A U.S. extension of its original form as a neighborhood eatery in Bainoa, Cuba, in the 1950s, Café Laguardia—featured on the Food Network’s Rachael Ray's Tasty Travels and in the Chicago Sun-Times—is still known for its authentic Cuban cuisine. The menu is populated with vegetarian and meat-filled tastes, with many manifestations packed with succulent pork or shredded beef and flanked by mounds of moist rice. Hands-on eaters can grab onto a Cuban sandwich, which the Sun-Times calls "about as authentic as you will get this side of Tampa."
Though they can make such café staples as cappuccinos and chai lattes, Cafecito’s baristas specialize in Cuban coffee—classics such as the café con leche, cortadito, and their signature Cuban espresso, whose murky blackness is cut with a teaspoon of sugar. Those earthy aromas complement those of the eatery’s gourmet pressed sandwiches, which incorporate all-natural ingredients and the same recipes followed in generations of Cuban kitchens. Rather than just stick to tradition, however, owner Philip Ghantous and his culinary team also put their own spin on the form, creating sandwiches stuffed with Carribbean-inspired jerk chicken or unusual combinations of sweet plantains, guava, and peanut butter. Each meat they use is marinated in a tangy homemade mojo before being doused in signature sauces such as habanero-lime mayo or their famous chimichurri. The garlicky topping requires a full week for its flavors to integrate, according to the Chicago Reader, which heralded Cafecito as one of 2008’s best new restaurants. Acclaim has remained strong since then—The Huffington Post and Time Out Chicago included the restaurant on their lists of best Cuban sandwiches in Chicago, the latter in its #1 spot.
In 1980, the Gonzalez family boarded a shrimp boat in Cuba's Mariel Harbor. They sailed through turbulent waves and wind, finally docking in Key West. The family began working toward their American dream, and eventually gained the resources to open 90 Miles Cuban Café in Chicago. Named for the distance of their initial journey, the café reprises recipes from the Gonzalez's homeland. Pressed Cuban sandwiches, garlic-laced or sweet plantains, and empanadas filled with ingredients such as chorizo and goat cheese rank among the restaurant's specialties. Heartier dishes, such as vaca frita (braised beef with grilled onions) tenderize for hours on low heat. Another slow-cooked dish, puerco rostizado (pork sweetened with guava and prunes) lit up Guy Fieri's taste buds during a segment on Diners, Drive-ins and Dives. Unlike most Cuban restaurants, this one also offers vegetarian items such as soy beef empanadas and Cuban sandwiches with tofu. Patrons can visit the eatery at two BYOB locations—one in Roscoe village, and the other, with a heated outdoor patio, in Logan Square.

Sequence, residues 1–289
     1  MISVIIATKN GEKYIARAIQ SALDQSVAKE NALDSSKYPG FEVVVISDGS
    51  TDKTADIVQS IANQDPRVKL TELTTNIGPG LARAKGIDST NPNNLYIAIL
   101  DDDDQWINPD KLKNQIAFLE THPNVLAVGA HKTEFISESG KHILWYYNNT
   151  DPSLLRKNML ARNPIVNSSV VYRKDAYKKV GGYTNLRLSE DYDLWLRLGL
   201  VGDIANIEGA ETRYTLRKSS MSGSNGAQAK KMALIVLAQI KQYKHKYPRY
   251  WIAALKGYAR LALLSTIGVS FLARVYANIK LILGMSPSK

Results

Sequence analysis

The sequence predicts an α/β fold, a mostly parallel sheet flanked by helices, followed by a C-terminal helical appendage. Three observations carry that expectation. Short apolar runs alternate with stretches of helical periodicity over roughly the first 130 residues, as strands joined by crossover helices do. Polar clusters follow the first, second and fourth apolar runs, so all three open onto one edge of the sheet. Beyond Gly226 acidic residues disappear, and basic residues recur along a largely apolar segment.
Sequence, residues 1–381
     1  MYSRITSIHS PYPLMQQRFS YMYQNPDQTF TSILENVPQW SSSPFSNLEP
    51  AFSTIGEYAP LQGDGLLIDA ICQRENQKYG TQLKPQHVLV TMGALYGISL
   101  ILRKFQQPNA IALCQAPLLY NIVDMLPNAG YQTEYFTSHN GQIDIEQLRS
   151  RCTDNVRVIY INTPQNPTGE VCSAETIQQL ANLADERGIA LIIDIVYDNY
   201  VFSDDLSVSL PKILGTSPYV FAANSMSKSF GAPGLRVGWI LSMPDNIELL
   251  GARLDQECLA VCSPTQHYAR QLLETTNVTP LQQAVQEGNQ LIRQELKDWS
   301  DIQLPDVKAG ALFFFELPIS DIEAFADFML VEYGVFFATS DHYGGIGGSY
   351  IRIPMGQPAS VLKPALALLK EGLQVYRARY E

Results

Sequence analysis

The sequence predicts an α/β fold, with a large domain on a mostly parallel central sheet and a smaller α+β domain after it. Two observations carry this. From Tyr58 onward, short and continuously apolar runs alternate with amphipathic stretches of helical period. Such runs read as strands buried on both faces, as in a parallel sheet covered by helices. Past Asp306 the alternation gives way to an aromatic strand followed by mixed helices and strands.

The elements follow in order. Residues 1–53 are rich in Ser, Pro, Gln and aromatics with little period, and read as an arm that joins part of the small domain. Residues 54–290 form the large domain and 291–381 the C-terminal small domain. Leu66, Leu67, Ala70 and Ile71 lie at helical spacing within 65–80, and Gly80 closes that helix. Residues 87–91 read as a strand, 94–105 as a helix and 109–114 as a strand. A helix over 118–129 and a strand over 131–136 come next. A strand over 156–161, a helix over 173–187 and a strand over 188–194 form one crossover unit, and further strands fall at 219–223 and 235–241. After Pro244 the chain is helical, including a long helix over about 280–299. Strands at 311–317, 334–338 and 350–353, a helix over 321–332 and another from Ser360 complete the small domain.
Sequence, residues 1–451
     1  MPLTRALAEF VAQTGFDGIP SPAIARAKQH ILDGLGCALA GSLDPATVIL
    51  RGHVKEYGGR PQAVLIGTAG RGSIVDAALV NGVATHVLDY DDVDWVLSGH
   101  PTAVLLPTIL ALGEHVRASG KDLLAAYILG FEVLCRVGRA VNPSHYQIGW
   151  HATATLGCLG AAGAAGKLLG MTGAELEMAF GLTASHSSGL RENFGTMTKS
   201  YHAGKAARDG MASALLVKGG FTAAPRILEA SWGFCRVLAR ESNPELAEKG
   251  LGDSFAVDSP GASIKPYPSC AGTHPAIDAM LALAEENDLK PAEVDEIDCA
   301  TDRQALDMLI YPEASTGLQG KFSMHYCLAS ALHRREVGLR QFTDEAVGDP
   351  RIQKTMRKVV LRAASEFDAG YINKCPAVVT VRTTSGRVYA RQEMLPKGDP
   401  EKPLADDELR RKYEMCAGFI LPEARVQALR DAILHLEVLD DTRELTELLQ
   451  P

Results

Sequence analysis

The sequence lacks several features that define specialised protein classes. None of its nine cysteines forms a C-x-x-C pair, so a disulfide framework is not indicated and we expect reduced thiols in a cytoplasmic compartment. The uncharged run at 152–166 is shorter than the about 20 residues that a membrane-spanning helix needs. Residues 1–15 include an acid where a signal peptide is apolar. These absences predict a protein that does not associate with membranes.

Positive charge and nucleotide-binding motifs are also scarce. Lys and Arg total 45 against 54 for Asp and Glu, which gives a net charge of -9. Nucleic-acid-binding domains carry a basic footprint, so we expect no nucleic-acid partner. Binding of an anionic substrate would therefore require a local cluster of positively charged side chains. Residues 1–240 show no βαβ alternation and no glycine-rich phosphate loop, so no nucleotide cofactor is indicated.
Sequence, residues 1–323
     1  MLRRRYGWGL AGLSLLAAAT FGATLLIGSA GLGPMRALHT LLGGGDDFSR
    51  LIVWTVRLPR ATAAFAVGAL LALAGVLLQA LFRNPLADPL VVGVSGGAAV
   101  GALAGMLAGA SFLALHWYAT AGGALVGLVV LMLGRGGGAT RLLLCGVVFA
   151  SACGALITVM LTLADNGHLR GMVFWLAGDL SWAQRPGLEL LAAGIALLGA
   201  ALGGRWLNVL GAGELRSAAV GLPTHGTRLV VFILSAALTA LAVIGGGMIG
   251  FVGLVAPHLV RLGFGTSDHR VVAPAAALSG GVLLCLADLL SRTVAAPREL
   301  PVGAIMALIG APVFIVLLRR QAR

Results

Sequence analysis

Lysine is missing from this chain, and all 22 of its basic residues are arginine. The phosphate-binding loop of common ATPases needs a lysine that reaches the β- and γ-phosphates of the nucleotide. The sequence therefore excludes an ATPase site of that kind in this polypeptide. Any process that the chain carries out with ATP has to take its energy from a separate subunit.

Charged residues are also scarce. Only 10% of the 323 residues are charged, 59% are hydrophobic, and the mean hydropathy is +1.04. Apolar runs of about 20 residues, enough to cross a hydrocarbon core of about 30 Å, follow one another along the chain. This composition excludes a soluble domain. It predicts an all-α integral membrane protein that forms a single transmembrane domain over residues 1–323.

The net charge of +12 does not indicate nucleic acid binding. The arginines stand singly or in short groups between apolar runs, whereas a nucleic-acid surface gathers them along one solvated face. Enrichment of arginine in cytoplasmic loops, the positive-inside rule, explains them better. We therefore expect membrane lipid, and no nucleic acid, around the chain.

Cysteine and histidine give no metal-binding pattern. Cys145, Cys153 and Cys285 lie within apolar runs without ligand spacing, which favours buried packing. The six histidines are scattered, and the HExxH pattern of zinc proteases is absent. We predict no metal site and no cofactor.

Habana Libre's servers teem with a joy, imbuing the dining room with a festive ambiance. Wearing white t-shirts and Cuban-style fedoras, they circulate from table to table, bearing smiles and trays of island mainstays: guava and cheese empanadas, garlic-spiced red snapper, and shrimp-stuffed tostones, among others. Adhering to tradition, they prepare their Cuban sandwich by nestling smoked ham, sweet ham, roasted pork, swiss cheese, mustard, and pickles within toasted bread. Chicago Magazine distinguishes the papas rellenas (fried potato and ground beef balls with mango sauce) as a "showstopper," and notes that the cuban coffee is "so strong you can stand a spoon in it."
At Amada's Cafe, a sprawling menu of authentic Mexican and Cuban dishes keeps palates satisfied into the late hours. Tacos arrive inside corn or flour tortillas carrying flavorful bounties of carne asada, chorizo, chili rellenos, or pirate gold. Guests can pair seafood dishes such as breaded shrimp or whole red snapper grilled in butter and garlic with refreshing glasses of horchata. The slate of Cuban dishes ranges from classic cuban sandwiches topped with roasted pork, ham, and pickles to ropa vieja, tender pieces of shredded beef bathed in a Cuban-style tomato sauce.
As the bistro's earthy yellow brick walls and ocean-hued drapery draw diners in, the surprising blend of old San Juan dishes and urban culinary artistry evokes the spirit of Puerto Rico. Amid modern art and cherry-stained tables, the crowd lends a lulling backdrop to romantic dinners or shrimp-juggling competitions. Seafood options such as red snapper dressed in creole sauce abound, befitting the menu's tropical origins. A turf-side delight, the pork loin basks on a seaside of papaya-rum reduction in the lomo de cerdo. The kitchen's creativity is matched by the bar's reservoir of house cocktails, such as the Cocotini made with vodka, rum, and coconut shavings, or the Lemongrass's blend of apple juice, fresh lime, and vodka. A live salsa band plays every Thursday, Friday, and Saturday night, complementing the restaurant's imaginative atmosphere.